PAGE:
Office Hours: Mondays, 11:00-11:50 a.m.; Tuesdays, 2:00-2:50 p.m.; or by appointment.

    Teaching Assistant:
    Dmitriy (Dima) Dligach, Trailer E-14, 645-3771,
    Office Hours: Tuesdays, 11:00 a.m.--1:00 p.m., or by appointment.


    LectureRapaportCSE 410: 467274 (4 cr.)
    PHI 498: 306372 (3 cr.)
    CSE 510: 111333 (3 cr.)
    TTh9:30 - 10:50 a.m. NSC 222


    There are no good texts for this course; hence, there are no required texts. Each of the following recommended texts overlaps to some extent the topics we will cover. Most of the assigned readings, however, will be made available on the Web or as class handouts.

    1. Colburn, Timothy R. (2000), Philosophy and Computer Science (Armonk, NY: M.E. Sharpe); ISBN 1-56324-991-X.

    2. Floridi, Luciano (1999), Philosophy and Computing: An Introduction (London: Routledge); ISBN 0-415-18025-2.

    3. Floridi, Luciano (2004), The Blackwell Guide to the Philosophy of Computing and Information (Malden, MA: Blackwell); ISBN 0-631-22919-1.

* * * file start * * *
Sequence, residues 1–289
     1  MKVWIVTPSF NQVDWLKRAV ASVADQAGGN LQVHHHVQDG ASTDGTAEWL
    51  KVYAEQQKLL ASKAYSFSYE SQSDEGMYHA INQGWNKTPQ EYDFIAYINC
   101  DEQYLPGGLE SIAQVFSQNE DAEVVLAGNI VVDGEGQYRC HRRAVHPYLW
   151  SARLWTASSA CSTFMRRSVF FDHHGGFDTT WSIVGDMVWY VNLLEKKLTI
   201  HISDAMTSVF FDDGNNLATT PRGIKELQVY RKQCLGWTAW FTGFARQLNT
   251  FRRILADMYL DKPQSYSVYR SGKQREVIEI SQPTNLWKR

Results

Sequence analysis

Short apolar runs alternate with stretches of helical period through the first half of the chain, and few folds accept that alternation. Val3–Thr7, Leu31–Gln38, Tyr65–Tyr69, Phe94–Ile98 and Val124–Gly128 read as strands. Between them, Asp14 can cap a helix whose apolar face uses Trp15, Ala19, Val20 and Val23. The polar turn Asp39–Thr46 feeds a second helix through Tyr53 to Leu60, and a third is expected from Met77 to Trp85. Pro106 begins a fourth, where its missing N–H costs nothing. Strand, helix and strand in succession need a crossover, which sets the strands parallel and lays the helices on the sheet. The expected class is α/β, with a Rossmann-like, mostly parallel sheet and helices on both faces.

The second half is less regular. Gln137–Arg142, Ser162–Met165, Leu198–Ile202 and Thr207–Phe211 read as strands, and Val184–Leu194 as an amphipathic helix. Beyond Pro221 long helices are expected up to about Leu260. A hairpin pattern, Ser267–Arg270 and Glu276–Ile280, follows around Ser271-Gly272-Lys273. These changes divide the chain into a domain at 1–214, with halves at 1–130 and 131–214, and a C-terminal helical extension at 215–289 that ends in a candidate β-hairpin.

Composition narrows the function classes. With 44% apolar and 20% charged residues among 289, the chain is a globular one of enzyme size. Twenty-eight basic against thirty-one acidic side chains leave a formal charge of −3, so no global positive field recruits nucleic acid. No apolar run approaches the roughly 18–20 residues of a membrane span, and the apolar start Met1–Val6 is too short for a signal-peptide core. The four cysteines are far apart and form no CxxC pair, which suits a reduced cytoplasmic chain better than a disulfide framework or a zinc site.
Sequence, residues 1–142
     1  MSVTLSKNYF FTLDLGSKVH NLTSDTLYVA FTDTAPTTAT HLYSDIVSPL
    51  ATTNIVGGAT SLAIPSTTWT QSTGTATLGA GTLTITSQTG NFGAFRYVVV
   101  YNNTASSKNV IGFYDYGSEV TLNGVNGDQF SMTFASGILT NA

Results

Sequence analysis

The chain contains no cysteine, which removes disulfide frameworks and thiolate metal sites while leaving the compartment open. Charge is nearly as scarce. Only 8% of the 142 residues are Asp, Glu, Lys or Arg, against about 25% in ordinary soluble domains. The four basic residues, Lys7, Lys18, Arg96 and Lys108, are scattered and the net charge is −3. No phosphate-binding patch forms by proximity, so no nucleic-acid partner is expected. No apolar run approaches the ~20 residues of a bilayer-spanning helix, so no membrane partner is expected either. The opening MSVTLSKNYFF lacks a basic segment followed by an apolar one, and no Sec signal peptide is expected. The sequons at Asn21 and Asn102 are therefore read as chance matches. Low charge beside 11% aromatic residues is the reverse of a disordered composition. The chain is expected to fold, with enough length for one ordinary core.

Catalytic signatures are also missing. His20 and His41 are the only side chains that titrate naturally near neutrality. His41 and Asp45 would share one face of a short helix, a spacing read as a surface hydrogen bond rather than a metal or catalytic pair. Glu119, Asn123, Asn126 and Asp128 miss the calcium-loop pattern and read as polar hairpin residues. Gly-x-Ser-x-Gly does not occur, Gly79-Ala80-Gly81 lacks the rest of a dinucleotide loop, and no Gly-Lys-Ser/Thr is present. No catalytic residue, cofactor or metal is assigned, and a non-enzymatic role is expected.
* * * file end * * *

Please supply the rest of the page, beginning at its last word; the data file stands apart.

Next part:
4. Woodhouse, Mark B. (2003), A Preface to Philosophy, 7th edition (Wadsworth Publishing); ISBN 0534595448.


    Note: This is the most tentative schedule I have ever created, since this is a brand-new course. I make no promises about sticking to it (not even the assignment dates, though I'll try to maintain those as much as possible)! UPDATED I have adjusted some of the dates below to reflect what we actually did in class, rather than on what I had hoped to do:-)

    T Jan 13 Introduction;
    What is philosophy?
    What is philosophy of X?
    See "Reading Assignments"
    Th   15 What is computer science? See "Reading Assignments"
    T   20 What is science? See "Reading Assignments"
    Th   22 Assign position paper #1
    What is engineering?
    See "Reading Assignments"
    T   27 What is a computer?
    (Part I: History of Computers)
    See "Reading Assignments"
    Th   29 Position Paper #1 due;
    Peer editing session #1
    See "Reading Assignments"
    T Feb 3 What is an algorithm?
    What is computation?
    See "What is computation?"
    Th   5 Position Paper #1 Revisions due;
    Turing machines
    Turing 1936
    see "Reading Assignments"
    T   10 What is a computer?
    (Part II: Is everything a computer?)
    For next time:
    See "Reading Assignments"
    Th   12 What is a computer/Part II (concluded)
    What is a procedure?
    See "Reading Assignments"
    T   17 Optional 2nd revision of